Where are we?

So, many of you already know that we live in Ukraine; however, I am pretty sure only a handful of you know our exact whereabouts here in L’viv.  Frankly, I had no idea about Ukraine’s geography before I moved here and it has taken me almost two months to get a very basic bearing on our location and surroundings.  In order to assist those of you who are interested, I have asked the goranimals to pose just north of our beautiful city in the subsequent photo.  They seemingly have obliged.


Thanks for posing goranimals.

Our city is L’viv.  L’viv is on the Western edge of Ukraine and quite close to Poland (only an hour and a half to the border via train).  L’viv is probably the most significant city in western Ukraine and considered by many to be the western Ukrainian cultural center.  While I hope to give more info on this later, I ought to note now that there are significant cultural differences between western and eastern Ukraine, (split east to west almost right down the middle) regarding the people who live in each place, their histories, and their respective identity constructions.  One of the most notable of these is language.  Ukrainian dominates western Ukraine and Russian dominates eastern Ukraine.  This difference has directly affected business in L’viv as we operate in Ukrainian language.  More on all that later though.

To note a couple of other locations of interest, the next place most of you are going to know is the capital, Kiev, Kyiv, Kyev, etc. depending on which way you transliterate it.  Kyiv has historically been a very significant city, rivaling Moscow and St. Petersburg during Soviet times, and is still tremendously significant today.  Kiev is every bit a fast-paced metropolitan city and recently offers direct flights to America via Delta Airlines.  Just found that out a couple of days ago.

It’s somewhat unfortunate, but the next location in Ukraine most foreigners know is Chernobyl, the infamous site of the nuclear disaster in 1986.  Chernobyl is located upriver of Kiev, close to the Belarusian border and if I have my information right, it sounds like a large part of the region is still uninhabited.  If your interested, I also found this link to some more recent photos with informative captions on Chernobyl.

Shannon and I haven’t been able to do any national travel yet, but we are definitely looking forward to visiting the Carpathian mountain range to our southwest and some other locations including the beautiful Crimean peninsula and the port city of Odessa to the southeast.  We’re sitting tight for now until we learn some more language though.  Hope that helps a little.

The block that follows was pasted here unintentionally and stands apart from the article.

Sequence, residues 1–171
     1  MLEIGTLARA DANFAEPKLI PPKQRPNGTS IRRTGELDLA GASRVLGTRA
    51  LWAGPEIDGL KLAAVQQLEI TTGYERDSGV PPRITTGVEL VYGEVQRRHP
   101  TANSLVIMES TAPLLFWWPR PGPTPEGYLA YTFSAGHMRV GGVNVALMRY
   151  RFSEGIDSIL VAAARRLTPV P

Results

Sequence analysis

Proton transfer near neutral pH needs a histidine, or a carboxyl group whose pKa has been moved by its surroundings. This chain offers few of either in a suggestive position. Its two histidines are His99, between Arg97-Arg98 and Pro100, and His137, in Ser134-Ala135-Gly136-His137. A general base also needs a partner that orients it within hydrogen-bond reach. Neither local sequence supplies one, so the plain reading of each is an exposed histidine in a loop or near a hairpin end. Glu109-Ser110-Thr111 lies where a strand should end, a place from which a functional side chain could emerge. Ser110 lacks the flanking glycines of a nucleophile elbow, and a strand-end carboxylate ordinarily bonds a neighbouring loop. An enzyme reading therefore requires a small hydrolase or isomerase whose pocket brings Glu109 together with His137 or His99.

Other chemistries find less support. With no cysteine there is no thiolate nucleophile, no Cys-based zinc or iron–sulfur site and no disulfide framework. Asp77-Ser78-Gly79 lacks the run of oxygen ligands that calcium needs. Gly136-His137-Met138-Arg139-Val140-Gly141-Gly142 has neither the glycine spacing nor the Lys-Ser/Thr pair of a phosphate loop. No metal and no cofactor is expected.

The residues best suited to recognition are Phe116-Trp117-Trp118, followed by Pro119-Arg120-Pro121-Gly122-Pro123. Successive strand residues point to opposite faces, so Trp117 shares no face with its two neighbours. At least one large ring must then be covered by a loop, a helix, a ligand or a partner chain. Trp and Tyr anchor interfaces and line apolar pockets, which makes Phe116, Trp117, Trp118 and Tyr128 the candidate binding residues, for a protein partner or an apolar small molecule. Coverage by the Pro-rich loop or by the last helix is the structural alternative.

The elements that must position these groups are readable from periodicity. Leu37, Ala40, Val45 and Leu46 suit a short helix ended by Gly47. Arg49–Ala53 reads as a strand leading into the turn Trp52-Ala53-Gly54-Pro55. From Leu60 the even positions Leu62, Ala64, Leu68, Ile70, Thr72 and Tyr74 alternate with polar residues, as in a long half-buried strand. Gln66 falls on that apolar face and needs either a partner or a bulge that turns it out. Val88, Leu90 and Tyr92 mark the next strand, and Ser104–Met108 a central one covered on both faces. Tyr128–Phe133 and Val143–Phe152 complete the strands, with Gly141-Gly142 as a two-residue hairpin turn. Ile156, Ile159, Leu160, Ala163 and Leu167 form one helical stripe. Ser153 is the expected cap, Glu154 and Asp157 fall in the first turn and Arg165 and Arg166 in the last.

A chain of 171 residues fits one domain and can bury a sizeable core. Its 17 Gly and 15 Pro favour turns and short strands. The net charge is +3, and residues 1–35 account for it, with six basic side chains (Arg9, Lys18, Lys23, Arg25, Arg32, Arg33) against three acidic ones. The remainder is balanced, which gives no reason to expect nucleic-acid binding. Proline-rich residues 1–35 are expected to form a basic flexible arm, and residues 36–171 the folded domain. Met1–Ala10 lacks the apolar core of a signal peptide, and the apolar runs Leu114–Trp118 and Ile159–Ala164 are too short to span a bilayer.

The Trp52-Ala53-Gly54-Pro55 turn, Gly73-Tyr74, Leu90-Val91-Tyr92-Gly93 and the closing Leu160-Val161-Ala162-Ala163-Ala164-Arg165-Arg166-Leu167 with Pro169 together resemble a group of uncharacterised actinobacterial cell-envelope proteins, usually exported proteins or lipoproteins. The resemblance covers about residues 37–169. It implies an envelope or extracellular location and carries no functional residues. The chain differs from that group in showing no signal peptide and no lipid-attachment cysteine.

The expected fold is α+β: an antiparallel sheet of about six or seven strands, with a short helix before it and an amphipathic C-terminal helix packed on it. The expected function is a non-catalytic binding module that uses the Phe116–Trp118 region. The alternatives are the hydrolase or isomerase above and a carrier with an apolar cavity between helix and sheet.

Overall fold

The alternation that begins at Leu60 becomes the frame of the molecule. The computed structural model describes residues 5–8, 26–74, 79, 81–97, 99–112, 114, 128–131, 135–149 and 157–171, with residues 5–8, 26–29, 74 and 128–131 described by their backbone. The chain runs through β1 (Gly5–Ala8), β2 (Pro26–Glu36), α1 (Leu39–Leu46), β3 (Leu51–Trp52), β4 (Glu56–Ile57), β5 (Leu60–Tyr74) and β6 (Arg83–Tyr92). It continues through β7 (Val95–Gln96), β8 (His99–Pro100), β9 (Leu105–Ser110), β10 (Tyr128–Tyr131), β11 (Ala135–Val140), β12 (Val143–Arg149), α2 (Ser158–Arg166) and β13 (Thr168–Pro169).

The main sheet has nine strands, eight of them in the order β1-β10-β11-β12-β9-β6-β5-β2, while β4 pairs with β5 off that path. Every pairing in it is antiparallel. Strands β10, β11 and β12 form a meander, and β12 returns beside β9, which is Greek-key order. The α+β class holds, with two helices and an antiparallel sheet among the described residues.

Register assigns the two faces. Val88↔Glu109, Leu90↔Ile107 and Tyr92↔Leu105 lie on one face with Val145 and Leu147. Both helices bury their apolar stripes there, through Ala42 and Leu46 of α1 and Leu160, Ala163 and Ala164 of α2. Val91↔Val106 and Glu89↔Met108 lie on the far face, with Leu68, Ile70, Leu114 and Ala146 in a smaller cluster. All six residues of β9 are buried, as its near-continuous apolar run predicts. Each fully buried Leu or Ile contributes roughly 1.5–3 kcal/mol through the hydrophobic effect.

8 thoughts on “Where are we?

  1. Didn’t realize that llamas could live in the Ukraine…but if you guys say so. 🙂 Great geography lesson–we’ll need to know this stuff when we come to visit.


  2. Regarding Chernobyl, the 30 km Exclusion Zone is still uninhabitable, though approximately 300 elderly residents (samosels) moved back to their homes in some of the villages and are still there. Some researchers, scientists and military personnel have temporary residences in the town of Chornobyl, 12 km south of the plant. Most work in the Zone for 2 weeks, spend the next 2 weeks outside the Zone and then repeat the cycle.

    I personally visited the Chernobyl area for two days in June 2006 with a friend and former resident of Pripyat. We toured the Chernobyl Plant (including the Reactor 4 control room), several of the abandoned villages, and Pripyat. I have posted a photo journal of my trip at:

    My Journey to Chernobyl: 20 Years After the Disaster

  3. Intersting and GREAT to know where you guys are.
    AND since you guys are SO incredibly close to Poland (I’m 50% ya know) you HAVE to go for me…and take pictures and send them to me so I can frame them…you know since all my relatives are there 🙂
    Love reading updates on you guys. Hope you are well.


  4. Good post:) When I was in Kyiv 4 years ago, we visited the museum dedicated to the nuclear incident at Chernobyl. It was breathtaking and heartbreaking to learn about the event and how many people still suffer because of it. It really helped to show me a side of the Ukrainian experience that has colored their culture and their understanding of the world. You all should visit the museum if you ever get the chance.

  5. Hey David, I like the addition of the Ukrainian flag to the llamas. I once did construction with a Russian guy who went on and on about how beautiful Odessa and the Crimea were… I’ll be interested to hear what you think. Keep up the high-quality posts man!

  6. Hey, thanks for all the great info on Chernobyl Mark and Katie. Those pictures were amazing. We are wanting to visit sometime soon. Anne, Shannon and I actually had to go through Poland a couple of days last week and I noted one similarity between the Wojokowskis and the Polish people I saw on the street: stunning mustache skills, in your family exhibited by your father. He would have fit right in! It would be your Dad’s side right?

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